Then — here’s an idea no one will like, but I think it’s really fair — they could introduce a business model wherein your first, say five listens to a track are free, but after that, there’s a micro payment involved. They could prompt you after a few micro payments to see whether you’d want to buy the track instead.

  5. The key for me–which you hit on–is the integration with the listener’s existing iTunes library. Consistent with what you write, but perhaps building on it, this means:

    1. I want it to be easy to switch from my existing library (including old/obscure/out-of-print albums that I’ve uploaded) to the larger universe of available-for-streaming options. When I search, the search should deliver results from both, perhaps listing items in my library first.

    2. I should be able to add streaming albums to my library, at which point they behave exactly like any other album in my collection.

    3. If the album is going to disappear from the streaming library, as so many of my classical favorites have recently disappeared from Rdio, then I want advance notice.

    4. The customer should be able to pay to purchase a streaming album to fix it permanently in his library.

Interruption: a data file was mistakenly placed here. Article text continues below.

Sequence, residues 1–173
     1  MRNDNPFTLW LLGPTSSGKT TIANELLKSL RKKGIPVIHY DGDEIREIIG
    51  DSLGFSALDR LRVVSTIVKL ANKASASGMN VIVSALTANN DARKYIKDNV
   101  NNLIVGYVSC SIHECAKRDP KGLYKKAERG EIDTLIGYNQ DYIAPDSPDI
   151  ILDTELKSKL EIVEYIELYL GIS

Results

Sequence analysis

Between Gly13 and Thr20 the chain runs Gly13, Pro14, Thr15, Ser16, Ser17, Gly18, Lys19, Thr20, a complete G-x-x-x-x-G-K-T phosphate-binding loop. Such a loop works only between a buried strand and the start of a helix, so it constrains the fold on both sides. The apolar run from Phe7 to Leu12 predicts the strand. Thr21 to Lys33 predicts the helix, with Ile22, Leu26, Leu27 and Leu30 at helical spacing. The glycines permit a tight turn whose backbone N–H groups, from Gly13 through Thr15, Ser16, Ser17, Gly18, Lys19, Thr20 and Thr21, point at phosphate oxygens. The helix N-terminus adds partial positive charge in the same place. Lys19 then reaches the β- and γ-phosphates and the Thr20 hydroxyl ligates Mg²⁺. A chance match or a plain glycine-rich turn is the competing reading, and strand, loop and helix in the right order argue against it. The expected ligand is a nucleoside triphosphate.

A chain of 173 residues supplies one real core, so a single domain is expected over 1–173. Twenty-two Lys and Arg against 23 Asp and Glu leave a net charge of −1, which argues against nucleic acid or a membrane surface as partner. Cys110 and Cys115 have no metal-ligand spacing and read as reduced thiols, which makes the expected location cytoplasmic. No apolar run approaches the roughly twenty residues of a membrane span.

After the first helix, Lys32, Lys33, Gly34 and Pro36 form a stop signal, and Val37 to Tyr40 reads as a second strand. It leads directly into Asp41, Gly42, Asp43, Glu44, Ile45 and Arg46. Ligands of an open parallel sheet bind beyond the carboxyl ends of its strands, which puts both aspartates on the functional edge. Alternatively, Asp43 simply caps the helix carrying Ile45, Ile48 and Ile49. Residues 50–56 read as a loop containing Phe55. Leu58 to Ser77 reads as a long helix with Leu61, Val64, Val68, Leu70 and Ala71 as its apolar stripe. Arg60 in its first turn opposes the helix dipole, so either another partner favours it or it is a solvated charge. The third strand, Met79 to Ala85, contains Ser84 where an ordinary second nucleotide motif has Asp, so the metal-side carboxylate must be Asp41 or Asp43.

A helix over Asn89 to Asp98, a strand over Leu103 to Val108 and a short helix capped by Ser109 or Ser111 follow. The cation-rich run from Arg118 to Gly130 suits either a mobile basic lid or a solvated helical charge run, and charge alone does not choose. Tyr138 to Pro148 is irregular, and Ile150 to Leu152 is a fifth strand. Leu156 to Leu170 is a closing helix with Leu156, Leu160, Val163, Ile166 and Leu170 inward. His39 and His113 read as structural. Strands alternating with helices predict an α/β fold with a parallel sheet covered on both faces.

5. To the extent that some Apple technology is used to recommend music (e.g. Genius or some people-powered curation system), it should use my purchases, playlists, ratings and play counts from my existing library. This could be a secret sauce that makes the Apple streaming service instantly “smarter” than the competition. (Of course, Apple should make plain that it intends to use customer metadata.)

    6. And the catalog has to be richer than Spotify/Rdio, and much richer than Amazon Prime.

  6. Kirk,

    I find your comments regarding streaming music to be modest, but lack focus on the future of the music industry and how people can leverage from owning music.

    We don’t see every major motion picture in the world uniting with Netflix to pitch all their movies and television shows accessible, on demand, for a fee. What the music business is doing is failing to capture people to buy and manage music. People were doing this a couple years ago with no issues. As soon as Spotify appears in popularity, Apple has to abandon and completely do away with music. Come next week and for the rest of the year, there is no logical reason to buy music anymore. None at all. Most albums are $10 and classical albums are a bit more. To open the store and start Apple Music would mean to abandon the project and vision Jobs pioneered. The world will have the chance to see this in October with Steve Jobs, the biopic, on his life. He loved music. He loved the iPod. What will that device mean on Monday?